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The Palladium. (Newnan, Coweta County, Ga.) 1835-18??, October 17, 1835, Image 3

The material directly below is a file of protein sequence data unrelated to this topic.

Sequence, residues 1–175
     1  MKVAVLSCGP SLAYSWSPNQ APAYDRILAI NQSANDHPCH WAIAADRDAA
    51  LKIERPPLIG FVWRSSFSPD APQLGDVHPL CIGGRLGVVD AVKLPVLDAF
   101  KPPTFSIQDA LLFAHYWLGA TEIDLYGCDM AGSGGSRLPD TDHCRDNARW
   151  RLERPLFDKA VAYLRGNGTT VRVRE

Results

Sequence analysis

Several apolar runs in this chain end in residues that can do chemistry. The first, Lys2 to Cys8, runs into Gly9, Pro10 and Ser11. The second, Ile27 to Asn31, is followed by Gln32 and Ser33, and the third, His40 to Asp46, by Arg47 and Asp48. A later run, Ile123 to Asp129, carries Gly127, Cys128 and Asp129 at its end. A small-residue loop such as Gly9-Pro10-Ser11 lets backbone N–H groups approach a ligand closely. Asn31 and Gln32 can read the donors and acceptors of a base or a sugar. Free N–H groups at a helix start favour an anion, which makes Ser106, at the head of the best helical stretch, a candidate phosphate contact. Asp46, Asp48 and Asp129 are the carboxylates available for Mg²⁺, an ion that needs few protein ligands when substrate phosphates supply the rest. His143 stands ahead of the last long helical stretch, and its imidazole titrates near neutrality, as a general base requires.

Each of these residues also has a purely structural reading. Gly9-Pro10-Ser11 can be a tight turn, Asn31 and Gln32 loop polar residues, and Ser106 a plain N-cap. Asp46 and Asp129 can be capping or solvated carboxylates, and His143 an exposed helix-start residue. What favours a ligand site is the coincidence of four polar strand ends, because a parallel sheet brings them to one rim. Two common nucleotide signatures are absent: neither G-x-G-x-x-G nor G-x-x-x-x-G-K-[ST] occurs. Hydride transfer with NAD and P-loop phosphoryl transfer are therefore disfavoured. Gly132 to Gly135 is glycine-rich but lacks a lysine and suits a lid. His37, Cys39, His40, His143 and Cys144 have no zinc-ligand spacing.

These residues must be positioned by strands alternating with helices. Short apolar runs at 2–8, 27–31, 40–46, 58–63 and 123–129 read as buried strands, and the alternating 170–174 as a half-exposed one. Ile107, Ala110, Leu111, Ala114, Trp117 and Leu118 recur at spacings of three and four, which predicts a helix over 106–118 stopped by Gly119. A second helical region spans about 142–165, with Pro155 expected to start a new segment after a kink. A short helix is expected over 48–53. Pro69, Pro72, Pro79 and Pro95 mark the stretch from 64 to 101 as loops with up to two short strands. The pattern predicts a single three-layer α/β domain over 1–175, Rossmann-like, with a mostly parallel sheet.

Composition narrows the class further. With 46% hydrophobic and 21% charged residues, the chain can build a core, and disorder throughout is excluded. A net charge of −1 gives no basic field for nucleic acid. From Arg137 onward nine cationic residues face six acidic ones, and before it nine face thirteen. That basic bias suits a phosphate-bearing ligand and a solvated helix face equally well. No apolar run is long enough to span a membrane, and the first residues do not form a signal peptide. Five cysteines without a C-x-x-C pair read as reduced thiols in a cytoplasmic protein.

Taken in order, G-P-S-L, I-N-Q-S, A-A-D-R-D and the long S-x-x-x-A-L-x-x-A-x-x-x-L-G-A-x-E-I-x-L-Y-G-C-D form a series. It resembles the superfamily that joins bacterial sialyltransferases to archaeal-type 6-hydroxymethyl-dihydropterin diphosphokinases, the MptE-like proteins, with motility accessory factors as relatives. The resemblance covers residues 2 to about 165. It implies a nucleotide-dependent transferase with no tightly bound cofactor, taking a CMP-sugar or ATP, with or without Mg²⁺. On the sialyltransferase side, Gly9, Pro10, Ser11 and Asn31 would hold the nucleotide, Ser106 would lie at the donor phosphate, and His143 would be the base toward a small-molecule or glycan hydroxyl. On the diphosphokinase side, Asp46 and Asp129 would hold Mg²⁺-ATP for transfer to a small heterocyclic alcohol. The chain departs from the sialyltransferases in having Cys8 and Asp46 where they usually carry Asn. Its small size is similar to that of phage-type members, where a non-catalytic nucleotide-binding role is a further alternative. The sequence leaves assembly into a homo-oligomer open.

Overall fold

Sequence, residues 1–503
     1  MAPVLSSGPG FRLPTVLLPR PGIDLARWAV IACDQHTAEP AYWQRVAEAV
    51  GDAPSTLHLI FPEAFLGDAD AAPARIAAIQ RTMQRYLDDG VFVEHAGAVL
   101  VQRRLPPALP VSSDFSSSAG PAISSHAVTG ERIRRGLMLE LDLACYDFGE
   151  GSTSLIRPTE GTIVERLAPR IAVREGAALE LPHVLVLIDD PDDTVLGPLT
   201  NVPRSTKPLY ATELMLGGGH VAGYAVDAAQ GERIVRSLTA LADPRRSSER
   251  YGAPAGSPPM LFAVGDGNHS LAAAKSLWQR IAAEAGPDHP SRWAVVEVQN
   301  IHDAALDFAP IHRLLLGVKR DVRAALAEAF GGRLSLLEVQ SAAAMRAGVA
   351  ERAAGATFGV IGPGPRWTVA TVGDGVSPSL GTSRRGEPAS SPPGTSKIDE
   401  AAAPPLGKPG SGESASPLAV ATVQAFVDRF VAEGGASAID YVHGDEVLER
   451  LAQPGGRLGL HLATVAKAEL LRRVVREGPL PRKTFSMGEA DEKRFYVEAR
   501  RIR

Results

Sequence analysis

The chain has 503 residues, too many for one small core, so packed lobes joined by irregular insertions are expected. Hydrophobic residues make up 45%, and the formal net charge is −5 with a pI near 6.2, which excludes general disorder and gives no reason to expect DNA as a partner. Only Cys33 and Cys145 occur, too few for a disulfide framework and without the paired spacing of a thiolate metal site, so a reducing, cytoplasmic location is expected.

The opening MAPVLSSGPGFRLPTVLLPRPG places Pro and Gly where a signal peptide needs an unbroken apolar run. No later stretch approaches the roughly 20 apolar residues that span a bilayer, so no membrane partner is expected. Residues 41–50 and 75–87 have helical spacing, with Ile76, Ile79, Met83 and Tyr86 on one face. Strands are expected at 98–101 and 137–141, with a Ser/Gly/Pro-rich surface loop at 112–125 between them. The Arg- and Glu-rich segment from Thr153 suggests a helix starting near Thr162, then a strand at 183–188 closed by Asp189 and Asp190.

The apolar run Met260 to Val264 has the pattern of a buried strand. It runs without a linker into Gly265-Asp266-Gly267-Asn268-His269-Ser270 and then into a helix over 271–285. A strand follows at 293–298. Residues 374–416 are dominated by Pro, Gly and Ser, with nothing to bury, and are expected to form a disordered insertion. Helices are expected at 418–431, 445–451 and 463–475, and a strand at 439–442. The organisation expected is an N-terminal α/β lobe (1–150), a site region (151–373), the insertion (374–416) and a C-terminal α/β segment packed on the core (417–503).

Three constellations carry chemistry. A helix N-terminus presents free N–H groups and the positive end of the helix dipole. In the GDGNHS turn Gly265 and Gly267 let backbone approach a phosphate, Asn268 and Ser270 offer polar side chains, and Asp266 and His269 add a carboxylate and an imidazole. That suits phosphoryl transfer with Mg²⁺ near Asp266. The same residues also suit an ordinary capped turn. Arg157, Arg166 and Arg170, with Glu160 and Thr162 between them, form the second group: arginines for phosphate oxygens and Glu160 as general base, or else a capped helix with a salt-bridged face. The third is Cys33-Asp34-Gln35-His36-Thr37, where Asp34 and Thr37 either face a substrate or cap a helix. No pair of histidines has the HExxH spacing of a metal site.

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EFFINGHAM. Senator .Powers. Representatives Wald baner all State Rights men. WILKES. Senator Willis. Representative, Brown, Bolton, and Bradford all Union men. MUSCOGEE. Senator Hepburn, (Union.) Representatives Calhoun, (Nul.) Bonner, (Union ) JONES. Senator Hutchings. Representatives Dav, Gray, and Lewis all Union men. WALTON. Senator Echols. Represeutatiin Earl}', Bryant, and Hill all Union men. ELECTION RETURNS Schlep, Dougherty. Baldwin, 313 291 Bibb, 495 370 Bryan. lf>o 73 Bullock, 339 2 Burke, 312 581 Butts, 337 179 Campbell, 445 139 Carroll, 436 139 Cherokee, 191 165 Chatham, 680 398 Clark, 357 635 Cobb, 265 137 Columbia, 235 405 Coweta, 644 407 Crawford, 453 324 De-Kalb, 680 349 Early, 285 43 Effiingham, 134 170 Elbert, 130 830 Fayette, 503 235 Franklin, 623 227 Glenn. 49 85 Greene, 29 728 Gwinnett, 657 784 Habersham, 65s 237 Hall, 714 407 Hancock, 375 449 Hatris, 502 723 Heard, 345 134 Henty, 797 522 Houston, 657 499 Jackson, 528 367 Jasper, SSO 627 Jefferson, 159 452 Jones, 565 4§9 Lawrence, 6 427 Liberty, 149 157 Lincoln, 234 299 Lee, 129 123 Lumpkie, 519 269 Marion, 334 393 Madison, 299 266 Meriwether, 631 555 Mclntosh, 136 64 Monroe, BJ7 855 Murray, 234 14 Morgan, 214 419 Musi •ogee* 697 744 Newton, 511 796 Oglethorpe, 155 482 Pike, 539 372 Pulaski, 261 128 Putnam, 222 618 Randolph, 30G 143 Richmond, 565 473 Scriven, 218 258 Stewart, 574 423 Talbot, 843 737 Taliaferro, 13 410 Troup, 252 925 Twiggs. 453 314 Upson, 517 570 Warren, 415 560 Walton, 616 344 Washington, 593 508 ‘Vi I lies, 549 530 Wayne, 89 51 _ SIM AMO ifOITSR IP AH it SB II£J di- a THE snbscribcr informs his friends and the public, that he now devotes his time exclusive ly to the above business; and is prepared to paint all kinds of Signs, either, plain, or orna mental gilt. His charges will be moderate. HE will also paint and trim Gigs and Carriages of all kinds with neatness and despatch. He will undertake jobs in any of the Counties in this Circuit, WM. BRADLEY. Newnan, Aug. 20 1835. 1 3f. TVOTICE. —Four months after * date, application will be made to the honorable the Inferior Court of Coweta county, when sitting for ordin ary purposes, for leave to sell the lands belonging to the orphans of Benjamin Selman, deceased. YV ,YV. SELMAN, guardian. October 3, 1535 Factoruge & Commission Business. fiMHE undersigned under the firm of I A ffl Voting & Cobb having taken tiio ‘ arc houses :,nf l close Stores, rcceut iy occupied by Messrs. Shorter, Tarver 4- Cos. and Mossrs.S K. Hodges & Cos. which will be open for the reception of Cotton and Mer chandize by the first of September next, and intendin'; permanently and exclusively to devote themselves to the transaction of the Ware House Factorage and Com mission Business, tender their services to their friends and the public generally, with the assurance that tlicir undivided attention will be given to the interest of their patrons. Their Ware Houses and Close Stores are in good or der and sn located as to be more exempt from the danger of Fire than any other in the citv. Particular attention will be paid to receiving and Forwarding Goods. wvi. p. Young, WM. A. COBB. Bolnmbus, August 17 ts BEMJ4MIN B4lttD ■WKKS th 5 method|of informing /jERUfiMpK JL his friends and the du Idle genera filjr ly that he continues the KJL-J WARE HOUSE COMMISSION BUSINESS, In Augusta, and has taken the fire-proof ware house on the corner of Campbell and Reynold streets, formerly occupied by Messrs. Slaughter and Labuzan, and recently by R. Malone, esq. Advances will be made, if required, on cotton in store, and orders for goods attended to with enre. THE PALLADIUM. NEWNAN, Saturday, October 17. IS3S. i “We have met the enemy, and they are ours.” Perry. From our returns, Governor Sciii.f.y is elected by an tmprecedenied vote, by a vote that has never been cast since politics has divided our State. A roan who can ride into power upon such an overwhelming majority, shows clearly that tie possesses the confidence of the community. That the community will support him, we do not doubt—that he will sustain the community in their views, we verily believe. The slanders that have been cast upon Judge Schley will revolt upon the origin ators. and to their shame. What have they made by it 7 Why, they have been defeated, horse, foot and dragoons. We marshalled our force, and although we had many m the hospital (say 10,000) yet we routed them —and from such a defeat, we trust that they will never recover. NULLIFICATION IS DEAD IN GEORGIA .’ ! / The first Monday in October gave it its quietus. Judge Schley can safely remark (in the words of a favorite author) “ But the suffrage of my own heart re mained, and that will ever prove a balmy cordial in the greatest afflictions our natures are liable to.” That Governor Schley has been greatly abused by those who have been his former friends, no one can deny, j If Judge S. has been in an error, discovers it, and sees tit to retract, does he not deserve more credit, than to persevere ? We say, yes. There is a sensation in con scious rectitude, of a quality so soothing, that whilst the bosom ot the injured is wounded by the sting of oppres sion, the patency of its virtue steals imperceptibly there, amTmingles with the throb of anguish—the triumph of self-approbation, and although reflection will, in spite of our best endeavors to conquer them, intcndly, and like the coward assassin, force their unbidden entrance on the mind ; yet, by an uninterrupted adherence to the path that leads to the suffrage of our own hearts, we shall indubitably rise superior to our misfortunes.” Our readers will perceive, that although the vote through the State has not been so large as the last gub ernatorial election, yet Judge Schley’s vote far exceeds the ticket was run last. Not in consequence of the un popularity of the present incumbent, but that there is a resuscitation in the country. If our custom admitted of Governor Lumpkin again offering, lie most assuredly would have been elected. We have heard from many other of our up-country counties (although not officially) yet we believe to be true—which will increase to Judge Schley’s majority, in addition to what wc now publish, at least 600 —and yet the strongest union counties are yet to be beard from. That, from the returns and information that we have, that Judge Schley will run in over 3000 votes, we verily believe. COMMUNICATION. Mr. Editor, Believing you to be a liberal man, both in politics and religion, I have ventured to make a short essay, hoping that it will find a place in your columns. When I see persons who profess the Christian religi on, and attempt, through their ignorance, to preach the divine doctrine of our Saviour, and will then endeavor to excite quarrel and bloodshed between his neighbors— that man is not to be trusted—his faith is not perfect— lie is an hypocrite at heart—lie is a dangerous man in the community—he beare two faces—lie would murder you in the dark—be will take any and every advantage of you. Beware, feilow-citizens, of such men ! Look at the work that such have been doing in our South and Western States; and tremble. You cannot leave your family, and say that they are in safety when such bigot ted fanatics are abroad. That such a man fives in our town, I verily believe—that he has been but a short lime among us, £ know, and hope that his stay will be short er. The Mississippi mode would not be too good for him. “ YVhoever the coat suits, let him wear it.” CATO. Upon the above communication, we will make a few remarks. Our columns are ever open to political discus sions, and all essay’s that do no* touch upon religious subjects—we do not deem a newspaper the proper exor dium to discuss such subjects. But under the excitement that now prevails through the slave holding states, we feel ourself authorised to publish the above, hoping thereby to assist in correcting an evil, if any exist. “To live by one man’s will, is all men’s misery. Civil laws, being the act of the whole body politic, ought, therefore, to operate equally and uniformly on every part ” Mr. Editor, That there is cogency in the remarks which you have recently made in the Palladium, in respect tp the neces sity and importance of a Supreme Court for the correction of Errors, is a fact which must be generally admitted by every person of observation or reflection. There is no subject which has been agitated, either in the halls of legislation, or in the primary assemblies of the people, of more deep and lasting importance, in its particular and general consequences, than the one before alluded to. That a subject of such magnitude, and fraught with such consequences, should so generally be permitted to pass from one session of our legislature to another, without being more particularly noticed and investigated by our public journals, is not a little surprising to the man of ob servation. When we reflect, sir, for a moment, upon the grand object of government, which is the freedom and security of the governed, and towards the consummation of which, permanency, uniformity and universality are ossential to the very nature and existence of laws, we are compelled to confess, when we look at our judiciary system, and the eonsequcnces resultin'; from it, that our laws, so far as it respects their operation and mode of administration, are wholly destitute of two of thos.’ essen tial constituents, namely, uniformity and universality. For it is too well known to be even mentioned, tha t what will, in many instances, destroy the reputation, blast the prospects, and ruin the circumstances of an in dividual in one section of the State, will scarcely aflect him in another. That certain individuals, who are not only in easy, but in affluent circumstances, have been reduced, as it were, in a moment, to perfect indigence—others, not on ly deprived of their liberty, but immured for months on months in the glooms of a prison—andaal as then, and since believed (by the most learned m the laws) through either tho unhallowed or ignorant decision? of a pres’ding judge in tho republican State of Georgia. It is u matter, almost of common observation, that a certain species of favoritism is but too prevalent in many of the courts of Georgia—by virtue of which certain members of the bar are allowed to assume a position and advance views of ten in opposition to the opinion of the court—pointing out wherein the court was mistaken, and thereby fre quently effecting an important change in lhe decision of the court—which if certain others (and pari icularly the younger members of the bar) should modestly attempt, they are immediately, and gererallv rudely crushed, as held in contempt by the court. Hence the propriety of the remarks by tho pcet of nature ; Great men may jest with faints; ’tis wit in them, But, in the iess, foul profanation. Thafm the captain’s but a choleric word, Which in the soldier is flat b'asphemy. AH this is no more than what might naturally be ex pected of petty tyrants, who are, in many respects, cloth ed with more unlimited authority than many of the kings in Europe. And if they have not played the same “ ty rannous and fantastic tricks before high heaven,” as the latter, it is owing to the force of public opinion, and the frequency es election, for there is at present no other check to their despotism. But often, when passion is roused, and the narrow intellect is opposed by a man of talents, the puny incumbent rushes along, regardless alike of public opinion, frequency of elections, grave decisions, and venerable authority—and the unfortunate suiter, who just the moment before imagined he was standing in the temple of justice, protected by the laws ot his country, finds himself robbed of his property — despoiled of his character, of his sentence pronounced, and he about to bo ordered into the hands of the execu tioner. There is, in fact, no such a thing as a fixed rule of action, operating equally on all, and beyond which the presiding judge cannot go; for each judge, in his own judicial circuit, is, for the time, the high priest of the temple, and, like the oracle of Apollo, often (in the same riding) perfectly fluctuating in his determinations of the law, in consequence of which, the plaintiff, in one county nnder tho same judge, recovers his property; and in another, under perfectly similar circumslancos, loses it- Now we have, almost, al the precision and technicality cf special pleading 1 formerly under a different determin ation of our statute, it was, in a great degree, almost wholly dispensed with. Thus, it is, on the approach of every new incumbent to the bench, the members oi the bar, eli cnls, and people at large, arc thrown in a moment almost, as it were, upon a s'ea of total uncertainty ; for mer decisions, and former rules of action, cease now to operate. Thus “it is, owing to this state of alternate fluctuation, that the members of tnc bar are perpetually learning and unlearning, and yet never learned. That an enlightened people, who are jnalous of their rights and liberties, and alive in watching every approach to wards the advancement of power, should passively, for a moment, submit to such a state of things, is passing strange indeed. For it is but too evident that such astute of filings is wholly uncongenial to the spirit and intent of the institutions of our country. A single presiding judge may, in the moment of excitement, overawe the young professional aspirant, by the stretch of his power, ! bear down the talents and genius of the bar, and rush a j foul of long established and venerable authority. And j from this, the only dernier resort, is t:> submit in silcnca and bow respectfully to the powers that be. Such a judicial despotism as this, is almost wholly un known in every civilised country in the world, and is to tally incompatible with the rights and privileges of an American citizen. That some men of talents, genius and virtue have presided as judges in Georgia, with hon or to themselves and credit to their country, is not to be doubted; and it is much to he regretted that their deci sions, which evinced, no doubt, so much ability, have passed away with the parsing moment, and not a rem nant remains to bespeak the mighty mind, or to maik out the land marks and rights of the citiz n. It is thought 8y some, that a Supreme Court for the correction of Er rors, will tend materially to delay, to multiply litigation, and enhance the cost of legal proceedings ; and tiiis is adduced as an argument against its creation. Surely this cannot waigh a partiole with a reflecting mind. For, if despatch, simplicity and cheapness constitute the sole object (and not the effectual security of the person, pro perty and characterof the citizen) then, sir, look to the despotisms of the Eastern empires, for instruction, for example, and for models of imitation and adoption-'- where man, perchance, may walk and live; but the lofty spirit which the God of Nature gave him, is crushed within turn by the force of despotism. But in every country in which the rights of the citizen are respected, and liberty has an existence, there must be checks and counter-checks ; and the road to the temple of justice must be somewhat circuitous—in order to ascertain facts, collect testimony, and gain light; besides, those who administer in her temples should be elevated far above the rage, the prejudice, and party bickerings which too generally prevail below. Truth is confirmed by investigation and delay; false hood avails itself of haste and uncertainty. But a Su preme Court for the correction of Errors, must necessa rily tend to establish a fixed, determined and pervading rule o r action, which will regulate and measure the ac tion, not only ot the citizen, but of every judge through out the State. It will give to our etatute laws, which in many respects, are wordy and ambiguous, a clear, deter mined and rational construction : the result of all which will be accessible toevery citizen. It will remove doubt and uncertainty, and litigation of consequence-must necessarily diminish ; and its inseparable attendants, the cost and expense of legal proceedings. It will throw around the person and property of the citizen, the ample shield of security. It will give more mildness, dignity, and impartiality to the hen cb, and by stimulating to in dustry, elevate the character and genius of the bar confer perfect security and protection on the people, and give permanency, uniformity and universality to the law. But as the important object before alluded to, can not be effected without an alteration of the constitution, many seem to think that it is of tem sacred a character to he touched for any purpose whatever. Although it is conceded that a profound deference and respect is due to the constitution, and that it should only be touched when the defect is evident, or the error noto rious, stir ely it is not the province of reason to canon.zc error, nor of philosophy to veil deficiency : nor is it com patible with the growing intelligence of a republican people, to look with a sanctimonious reverence on old in stitutions, and deem them, like the ark of the covenant, 100 6acred to be touched, although in many particulars radically detective and totally unadapted to the grade of population and the circumstances of the times. It is a position universally admitted by political philosophers, that in every country in which liberty has any existeneo the laws and institutions must go huna in hand with the march of genius and the dev elopement of mind. As tliat become* more developed, more enlightened, and new discoveries are made, new truths disclosed, and manners and opinions change with the change of circumstances, institutions mntt advance also, arid -keep pare with the tunc?. It would bo justaa tcjgoaablotorequire a ntj | to w&ir sail life habiliments which ikied him when a ; boy, as civilized society to remain ever Under tho repi- * men cf remote or barbarous ages. It is tiiis preposterous i idea which lias so friquently deluged Europe in blood, and stayed the march of political improvement Let us not, sir, follow their example ; but let tis, from time to time, make such amendments to the constitution of our country as sound experience and the growing in telligence of the people would seem peculiarly to require. That the people require a Supreme Court for t!i correc tion cf Errors, to fix and determine a pervading rule of action that shill operate alike equally on a’l, throwing the shield of its protection around the person, property and character of every citizen—tliat he shall not only ! think he is secure, but that he shall fee! and know lie i s secure—his rights perfectly exempt from the attacks of petty unlimited tyrants, whether swayed by pas-ion or actuated by corruption, is what the people do peculiarly require. “ talus populi supreme tsl lex.” One of the People. j-CT’ e are requestcd to announce JI DG.. it. b. 1 WOOTEN as a candidate for Sheriff at the next elec tion, Octoberl7. jCLr* W e are requested to announce J. WILLIS KILGORE, Esq. as a candidate for Sheriff at the election in January next October 17. ’dp* Wn are authorised to proclaim that colonel GEORGE PENTECOST will discharge the duties as Cleik of tho Superior Court, as he has done for many years, provided bis county friends see fit to re-elect him. October ] 7 jdp’ e are requested to announce BATTY H. MITCHELL as a candidate for the office of Clerk of ; the Superior Court- October 17 £ 3 EORGIA, Cotceta county. —Personally came be- W M fore me, M iliis Kilgore, one of the acting justices cf the peace in and for said county. John Jester, and af ter being duly sworn, deposeth and suith, that so much of the presentments of the grand jury of said countv as relates to the allowance of the keeping of two estray horses, without the assent of the clerk of the inferior court by his own authority allowed the enormous sum of 16 dollars for the keeping,, and that the cost attending the same was more than the horses sold for, while the said horses Were for the greater part of the time in the service of the taker up. Now, this deponent states that tile clerk told him in the presence of a good if lie would go to the justice of the,perce before whom the horses were posted, and bring a certificate ot the amount of what he would allow, that lie would a'so allow the same. And this deponent states that he went to the justice of the peace, to wit; James Echols, brought said certificate; and on the day of sale, the horses wore sold, and Jacob Ray bought the said horses. And he, said deponent, went to the clerk of said court, and pre sented the said certificate to the said cleik, and he re ceived the certificate : and he told the clerk that he would take the purchaser for the .amount of the same, which was ninety-six dollars. And he further states, the clerk said that the county would be one dollar and fifty cents in debt; and he told tho clerk that he would pay the balance of the cost himself, and that the county should not be in debt. And the clerk took the certificate and settled the same on his book; and took the certifi cate and posted it on his book, when they made the set tlement, on the same day the horses were sold And he also states that the information of the using of the horses | made to the jmyby an individui', was not tnc fart,for he took the horses up some time in the month of Felu nary, ; 1534, and did not get the appraisers before a justice of | the peace until some time 111 April of the same year. And this deponent farther states he never used the hor ses until in the spring of 1823, with the exception of the winter of 1834 and 1835: but the horses were never collared to work until last spring, 1835. And so far as the presentment relates to that pari, it is incorrect. But he does not brand that bod} with error, but he thinks that some individual misrepresented the thing to them. JEHU JESTER. Swom to and subscribed before me, J. WILLIS KILGORE, J P. 17 October. 4DMINISTR ATOR’SS SALE. —Will bo sold ut my house, at public outcry, on Saturday the sth day of December next, the personal property of John Featherstun, deceased, on a credit ol twelve months : the purchaser giving small notes with approved security. Cash for ail sums less than five dollars. Those indebted to the estate by note or account, are requested to make payment, otherwise their notes and accounts will he put in an officer's hands for collection. IRA E. SMITH, adm’r. The sale wiilbe conducted by James Eck!e9. October 17, 1835. Notice. THE public will please to take notice, tliat the sale of Lot of Land, no. 101, In the 6tli district of Coweta county —has been inde finitely postponed. HENRY C. PHELPS. October 17. PROSPECTUS /—The undersigned Polish Nation al Committee in the United States, prqpost |pub hshm<r an historical account of the Polish emigration to these = United States, under the title of ‘-THE POLES IN THE UNITED STATES OF AMERICA,” to be prefaced by a short statement of the history of the late Polish Revolution, and to be accompanied with au thentic vouchers connected with the residence of the Poles in this country. Form in Svo. Subscription price 81, payable on delivery only. The’ committee being sensible of the advantages ot fered to the Poles bv a settlement in this favored land, the proceeds of the work, after defraying the expenses of publication, will be applied in aid of the colony on the Rock River, state of Illinois. MARTIN ROSIENKIEWICZ, FELIX GWINCZEWSKI. DR. CHARLES KRAtTSIR. New-York, August, 1835. jpA Jllntosli iiaii, 1 Columbus. Ga. The Subscriber would respectfully inform his friends and the public genera'ly, that he has taken the above establishment, known as the Mclntosh Hall, formerly occupied by Mrs. Love, and more recent !y by Isaac Mitchell, esq. It is situate about the centre of the city, and perhaps as u ell calculated to afford com fort to thi Boarder and Traveller as any house of the kind in the place. I view it i ntirely unnecessary to make the usual promises, hut would earnestly solicit persons visit ing the city to call and judge for themselves. .My own personal attention will be given to tho establishment, as well as that of my brother, Henry Mangham, of Mil ledgeville. JOHN C. MANGHAM. O tob‘ r 17. . ELisiTZ^. THE following BLANKS, neatly printed on good paper, at this office and kept constantly on hand for sale at reduced prices . Sheriff's Deeds, of the common form. Sheriff’s Bail Bonds. do Ca: Sa. Bonds. Sheriff’s Executions. do Ca. Sa’s. Attachments. Justices’ Executions. Justices’ Summons’, Declarations in Case. do in Assumpsit, do in Debt- Common Deeds. Bonds and Powers of Atto. to maiio titles. Administrators’ Bonds. do Lettcis. Guardians’ Bonds, do Letters, Marriage Liccnce*.-*Notcs ofHand,'fct. &c. Pension Blares, Anr description oi BLANK?, if Uf K - on QWD b peat silt gaart uptitf. WAT€fIEB,JEWELRY, &r. IjIOSTIiR & FOGLK hate lately returned from Ne%rYork, where they buvt st l.cled on assortment ot* Goods in tiit-ir line, w! i h, to their former stock, makes the most splendid cr!i< ction of articles ever offered for sale in this lewit, and second to none except ‘• Marquand.” Anion# other articles, the following or© ft few. WATCHES, Levers made to order, and warranted oh the bestkia<i Also Tobias sml other approved mu km Gold, Anc’ or, Duple*, Lupine Verticlcand Silver Lever, Anchor, L/f inr*, Ciuaitier, and common. JEWELRY, tkc. i Watch, guard arid nook Chains, a giei! variety Watch and guard K* ys anti Rings Fingrr rings, from one to one h- n i el dollar? Breast Pins, from one dollar to la o hundred dollars Pencil cases, Spectacles, Thimble?, : Quizzing Glasses, Ear Rings, a greet variety, ome c( 1 the latest stvi. s, Medalior . j SILVER WARE. Table. Tea, .Mustard, Salt,Cream and Desert S|Oon9 Ladies, Sugar Tongs, Butter Knives, Pish Knives | Porks, fi'nuffßoxes, Combs (anew article)Spectacles PLATED WARE, Castors. Cordial Stands, Tea Urns Branch Candlesticks, common and chamber do. Snuffer Trays and Snuffers, Spoons Astral Lamps, Cups, Knives and Cake Baskets British Plate, Spoons. Forks and Butter Knives Britania Tea and Coffee Pots, Urns, Spoons Leather B-ixes,Tumblers, Cutlery A few subs fine Table Cut'ery, containing 51 pircCß Pen, Pocket and Dirk Knives, Scissors Belt and Pocket Pistols, Duelling Pistols French Clocks, American Kighr-dav Clocks Percussron Caps, Music Boxes.Accordeans Portable Desks, Gent’s and Ladies’ Dnssing Cases Tea Trays, a good assortment Canes, with gold and silver hr a Is, with and without dirks Steel Specks. Gilt and B ad Watch Guards Bead Bags and Purses, Silk and La. ather f’urscs Visiting Cards and Cases, Belt Buckles and Plaques Teeth and Clothßrushes, Lather Do. Powder Blasks. a general assortment of Perfumery Fancy Soaps. Also, an assortment of MILITARY GOODS , And many other articles, which thev w ill bo glad to shew to persons favoring their establishment witha call, three dcora North of the Insurance Bank, where Hatches will be repaired neatly and warranted to perform well. Also, all kinds of Jobbing done at short notice. Columbus, October 17. DOLLARS IN PRIZES. One hundred dollars for the best Essay oa newspapers, their management and inluence; with such suggestions as may be most likely to promote their use- I fulness and independence, secure theirpayment of biilg. and advance generally the interest of publishers. One hundred dollars for the best original tale, which shall be throughout American in its subject, incidents, and eentiments. and which in its moral and patriotic tendency, may be calculated to exercise the most saluta ry influence. One hundred dollars for the her! series of familiar and popular Medical Essays, not exceeding 13 in number, on the prevention and cure of diseases, and the promo tion and preservation of health; and, as connected With so important a subject, the evils arising from ignorance error and quackery. Fifty Dollars for the best National Song ; something worthy the American muse, and that shall excite in the breast of the reader a glow of patriotic enthusiasm. Fifty Dollars for the best Satirical Review of the fo reign travellers and scribblers of the Fuller and Trollope school Fifty Dollars tor the best Poem. The balance of Fifty Dollars will be referred to defray the expense of furnirtiing a free subscription to the Phi ladelphia Saturday Courier to each unsuccessful candi date whose production may be deemed worthy of being published. All c ommnnications intend and for competition, will be handed to the several commiltees of examination on tho first of January next, and the awards will be announced immediately thereafter. The committees of examination will consist of the first litei ary gentlemen in Philadelphia whose names will be published with their decision. As usual, all articles received will become the property of the publishers. No communication taken from tho t ost Office unless the postng* is paid. WOODW AHD & CLARKE, October 17. Philadelphia. E. WHITE & \VM. H AGER RESPECTFULLY' inform the Frintefs of the U nited States, to whom they have long been individ ually known as Letter Founders, that thev have now formed a copartnership is sai,l business, and hope from their united and extensive, experience, to be able to give lull satisfaction to all who may favor them with leir orders. The introduction of Machinery, in place of the tca aious and unhclthful process ofcasting type by hand, a desideratum felt by the European ana American foun ders, was by American ingenuity, and at a heary ex penditure of time and money,on the part of our senior pirtner, first successfully accomplished. Extensive machine cast letter has fully tested and established it-s superiority in every particular, over thalcast by the old process. The Letter Foundry business w 1 !1 be carried on by tho parties before named, under the firm of WHITE, HAGER. <s• CO. Their specimen exhibits a completoseru s from Dia mond to 11 lines Pica; the Book and -\ews typo being in the most modem and light style. HITE, HAGER & CO, are agents for the sale o the Smith and Rust Printing presses, which they cau furnish to their customers at the -Manufacturer's prices. Chases, Cases, Composing Sticks, Ink and every ar ticle used in the Pnnting business, kept for sale, and furnished at short notice. Old type taken in exchange Tor new at 9 cents per pound. N. B. Newspaper proprietors who give the above three insertions, will be entitled to five dollars in such articles as they may select from our specimen. E. WHITE, IVM. HAGER. Georgia Coweta County: HERE AS Win. G. Andrews and George Scott, ▼ ▼ Administrators on the Estate of Lewis Sune, dee. ased, apply to me for letters of dismission therefrom. These are therefore to cite and admonish all and sin gular the kindred and creditors of said deceased to bo and appear at my office within the time prescribed bv aw, to shew cause, if any they have, why said letter should not be granted. G iven under my hand, th is 6th of August 1835. Wm. MMMONS , d.c. c. o. Aug mG m months after date application will be mad., to the Honorable the Inferior Court of Coweta countv, when sitting for Ordinary purposes, for leave to sell all the lands belonging to the Estate of Levi Demp sey, deceased. W. YV. SEI..MAN, Adm’r. CHARITY DEMPSEY, Am's August 15. 10 rolm. Administrator's Sale. AGREEABLY to an order of the Hon Inferior Cour’. of Coweta county, when sitting for ordinary pur poses, will be sold ut the court house in the town of Newnan, Coweta county on the first Tuesday inNovcn.- her next, a iMXiRO MAN named George, belonging to the ostnte of Lewis Sims ! deceased. Sold for the benefit of the heirs arid credit ins of said dec’d. \Vm. G. ANDREWS, EOB<3B SCOTT,, Aug. 0